[Date Prev][Date Next][Thread Prev][Thread Next][Date Index][Thread Index]

Re: Can a functional language be sequential?

   Date: Sun, 1 Jun 2003 15:40:32 -0400
   From: "Michael St . Hippolyte" <mash@brooklyndigital.net>
   To: ll1-discuss@ai.mit.edu
   Subject: Can a functional language be sequential?
   Forgive my ignorance of what must be a pretty basic point,
   but I'm wondering if the language I'm working on, Bento, can
   accurately be labeled a functional language.
   A Bento program consists of a hierarchy of object definitions;
   each definition may contain further definitions as well as
   zero or more constructions.  When a Bento object is
   instantiated, the constructions in the associated definition
   are evaluated in sequence.
   The constructions in such sequences obey the constraints of a
   function in functional programming as I understand them (i.e.,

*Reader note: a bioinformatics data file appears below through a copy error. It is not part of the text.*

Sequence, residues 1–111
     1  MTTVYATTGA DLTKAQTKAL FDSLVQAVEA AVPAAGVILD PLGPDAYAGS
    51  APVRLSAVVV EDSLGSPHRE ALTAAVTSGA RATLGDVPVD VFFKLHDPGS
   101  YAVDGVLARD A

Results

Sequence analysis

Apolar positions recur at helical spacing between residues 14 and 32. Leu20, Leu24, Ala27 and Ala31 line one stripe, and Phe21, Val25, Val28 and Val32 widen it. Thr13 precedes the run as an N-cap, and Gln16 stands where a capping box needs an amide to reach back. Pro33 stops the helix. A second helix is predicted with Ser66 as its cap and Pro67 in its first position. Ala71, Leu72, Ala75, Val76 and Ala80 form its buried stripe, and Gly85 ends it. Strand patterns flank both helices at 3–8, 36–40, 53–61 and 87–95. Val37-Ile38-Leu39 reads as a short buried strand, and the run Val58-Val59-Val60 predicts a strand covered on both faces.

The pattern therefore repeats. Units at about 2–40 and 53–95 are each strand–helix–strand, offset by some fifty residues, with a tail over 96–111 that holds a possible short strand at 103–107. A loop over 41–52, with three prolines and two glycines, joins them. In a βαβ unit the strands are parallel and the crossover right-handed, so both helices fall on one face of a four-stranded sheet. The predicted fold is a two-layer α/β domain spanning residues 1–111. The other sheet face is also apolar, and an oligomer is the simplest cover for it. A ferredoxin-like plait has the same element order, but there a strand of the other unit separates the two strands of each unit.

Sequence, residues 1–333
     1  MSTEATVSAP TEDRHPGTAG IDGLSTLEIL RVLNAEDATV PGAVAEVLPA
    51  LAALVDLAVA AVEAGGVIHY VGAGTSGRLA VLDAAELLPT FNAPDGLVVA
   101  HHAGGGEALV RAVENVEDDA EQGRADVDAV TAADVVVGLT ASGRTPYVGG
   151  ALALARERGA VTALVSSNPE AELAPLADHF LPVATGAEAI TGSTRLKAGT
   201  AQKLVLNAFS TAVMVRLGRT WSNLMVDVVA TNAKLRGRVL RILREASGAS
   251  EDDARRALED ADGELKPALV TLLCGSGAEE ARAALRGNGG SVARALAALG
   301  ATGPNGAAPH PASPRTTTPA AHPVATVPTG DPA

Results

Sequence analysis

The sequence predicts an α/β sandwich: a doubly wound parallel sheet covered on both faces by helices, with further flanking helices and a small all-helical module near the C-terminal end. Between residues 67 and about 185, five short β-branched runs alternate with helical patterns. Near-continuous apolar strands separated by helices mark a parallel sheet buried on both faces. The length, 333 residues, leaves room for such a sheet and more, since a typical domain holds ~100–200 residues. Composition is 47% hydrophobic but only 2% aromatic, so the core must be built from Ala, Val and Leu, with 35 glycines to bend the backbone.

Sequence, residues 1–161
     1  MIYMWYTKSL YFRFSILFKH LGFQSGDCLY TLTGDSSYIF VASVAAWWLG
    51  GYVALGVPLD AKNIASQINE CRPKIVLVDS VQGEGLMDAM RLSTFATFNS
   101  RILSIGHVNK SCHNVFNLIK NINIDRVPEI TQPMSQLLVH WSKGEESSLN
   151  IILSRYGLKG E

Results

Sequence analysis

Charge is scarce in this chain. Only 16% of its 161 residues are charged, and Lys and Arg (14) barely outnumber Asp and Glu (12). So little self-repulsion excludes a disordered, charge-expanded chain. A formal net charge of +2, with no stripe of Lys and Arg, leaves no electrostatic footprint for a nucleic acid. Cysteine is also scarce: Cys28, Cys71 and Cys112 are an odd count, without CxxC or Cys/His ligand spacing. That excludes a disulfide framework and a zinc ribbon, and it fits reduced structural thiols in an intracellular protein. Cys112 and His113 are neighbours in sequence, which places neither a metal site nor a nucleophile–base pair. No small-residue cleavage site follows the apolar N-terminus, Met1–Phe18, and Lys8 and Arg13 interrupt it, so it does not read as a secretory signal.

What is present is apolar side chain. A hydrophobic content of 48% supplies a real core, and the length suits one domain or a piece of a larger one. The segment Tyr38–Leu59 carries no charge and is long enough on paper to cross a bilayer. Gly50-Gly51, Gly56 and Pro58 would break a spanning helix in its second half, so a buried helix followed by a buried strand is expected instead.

no mutable variables and no side effects), and I don't see how
   putting functions in an ordered list would change this.  But
   the functional languages I've seen all seem to avoid any hint
   of sequential programming.  Is this simply a point of style,
   or does allowing sequences of functions disqualify a language
   from being called functional?

Let me ask a question first, the answer to which may
shed some light: why is it specified in Bento that the
constructions be evaluated "in sequence"?  Would it
make a difference if the constructions were evaluated
in some arbitrary order, or concurrently?  If so, what
difference would it make?

--Guy Steele